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TiVo returning to the UK thanks to partnership with Virgin Media — Engadget March 11, 2010

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It looks like TiVo’s freshly minted Premiere hardware will soon be setting sail eastwards as The Daily Telegraph is reporting Virgin Media’s next generation set-top box will be built around it. Loyal readers of Engadget HD will already be aware that TiVo and Virgin hooked up last November and this latest news relates to the first hardware to be spawned from that relationship. According to TiVo CEO Tom Rogers, the Premiere will “heavily inspire the development work” going into Virgin’s next TV appendage, which may or may not mean that the cable company will simply rebadge the well-received new boxes. What’s assured though is much greater integration with online content, with search linking you out to Amazon, BBC’s iPlayer, YouTube or good old standard broadcast channels. The whole thing’s about unlimited choice, apparently, and should be showing up on the Queen’s isles by the end of this year. We can wait, but we’d rather we didn’t have to.

via TiVo returning to the UK thanks to partnership with Virgin Media — Engadget.


Half of Netflix ‘Watch Instantly’ Users Are Streaming to the TV February 28, 2010

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According to a newly published study from TDG – the nation’s leading new media research consultancy – almost two-thirds of Netflix users that subscribe to a home broadband service are now viewing the ‘Watch Instantly’ streaming video service. One-third of broadband-enabled Netflix subscribers view this streaming video exclusively only on their PCs, 8% view the content exclusively on their TVs, and 24% use both their PCs and TVs.

“Netflix is now the archetype for over-the-top (OTT) streaming video services,” notes Michael Greeson, TDG founding partner and director of research. “Not only has Netflix eclipsed its immediate competitors in terms of online DVD rental, but it has quickly become the ‘gold standard’ for new OTT streaming services.”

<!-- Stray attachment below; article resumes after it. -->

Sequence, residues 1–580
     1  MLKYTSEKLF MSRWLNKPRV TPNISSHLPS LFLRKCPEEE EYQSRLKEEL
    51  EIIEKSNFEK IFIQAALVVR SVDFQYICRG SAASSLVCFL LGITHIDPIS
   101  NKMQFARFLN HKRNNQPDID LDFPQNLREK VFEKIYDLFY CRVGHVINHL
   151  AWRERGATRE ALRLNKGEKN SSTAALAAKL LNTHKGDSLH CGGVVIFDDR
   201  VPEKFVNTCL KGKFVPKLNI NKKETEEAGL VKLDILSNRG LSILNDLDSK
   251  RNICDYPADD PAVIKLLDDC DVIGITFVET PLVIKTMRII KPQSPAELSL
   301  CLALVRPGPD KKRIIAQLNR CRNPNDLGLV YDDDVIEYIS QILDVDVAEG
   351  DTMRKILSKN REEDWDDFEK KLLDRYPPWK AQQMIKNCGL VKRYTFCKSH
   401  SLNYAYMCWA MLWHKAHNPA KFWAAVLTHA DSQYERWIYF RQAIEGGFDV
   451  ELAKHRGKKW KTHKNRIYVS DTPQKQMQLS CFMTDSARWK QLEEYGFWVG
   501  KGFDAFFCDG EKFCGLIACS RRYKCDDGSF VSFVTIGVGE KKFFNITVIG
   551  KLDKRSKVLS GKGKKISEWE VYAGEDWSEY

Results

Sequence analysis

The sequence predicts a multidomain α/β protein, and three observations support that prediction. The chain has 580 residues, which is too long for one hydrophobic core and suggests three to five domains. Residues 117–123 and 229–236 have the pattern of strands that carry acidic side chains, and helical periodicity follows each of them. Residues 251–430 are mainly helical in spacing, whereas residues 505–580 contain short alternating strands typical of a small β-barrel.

The implication of TDG’s research is significant: one-half of broadband-enabled ‘Watch Instantly’ users now view streaming video on their TVs, a phenomenon unimaginable just a few years ago. As Greeson points out, this speaks volumes about the maturation of streaming video technologies that, until recently, had delivered an inconsistent experience that left regular TV viewers wanting.

via Half of Netflix ‘Watch Instantly’ Users Are Streaming to the TV – Press Releases.

LiLi: Skype Wants to Make Your TV More Social January 6, 2010

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Skype will soon be available on your TV set, thanks to TVs from LG and Panasonic with an integrated Skype client that will be coming out later this year. While users will still have to purchase a separate video camera designed to work with the service (priced at around $100-$200), doing so will open up a whole new way for users to connect with friends and family from the comfort of their living room.

The plan to move video conferencing to the big screen makes sense, as anyone who’s ever used Skype for teleconferencing knows. While the ability to make free video calls is nice and convenient, speaking into a laptop or desktop web cam isn’t the greatest user experience, a fact that has been borne out in Skype’s own experience research.

As David Dinka, head of Skype’s experience research division, said in a video that accompanies the announcement, “For many people, if they want to make a video call, they want to speak to their friends and family from somewhere comfortable, and preferably on the big screen. Now, as we know, the TV is the center of many people’s homes, so Skype on the TV is the natural next step for us and our users.”

The move isn’t totally unexpected. Skype CEO Josh Silverman told Om last November that he saw “a future where Skype would be embedded in connected game consoles, televisions and video phones.” But the pace with which Skype, and services like it, are making their way onto broadband-connected TVs is pretty impressive.

It also points to the fact that TVs are no longer one-way content distribution devices, but two-way communication portals. We’ve long been saying that video wants to be social, but very few applications have harnessed a full feature set that will enable viewers to interact with each other while also viewing video content. This point was underlined in a NY Times article yesterday about cross-country friends that used Skype to talk about TV episodes while watching them.

Unfortunately, from that standpoint the upcoming Skype TV integration will have some limitations. Apparently the TVs don’t have enough processing power for users to video chat while also watching TV, according to the NY Times. So while Skype could make TV set a little more social, it won’t do anything to improve the actual experience of viewing television programming.

While not enabling “true social TV” (yet), the move by Skype could have severe consequences for the telecom industry, which has already seen voice revenues decline over the last several years. By cutting out the middle man and giving users a richer experience with which to interact with their friends and family, some could do away with landline voice services altogether.

via Skype Wants to Make Your TV More Social.

Hulu to stream reality show internationally, incessantly — Engadget December 18, 2009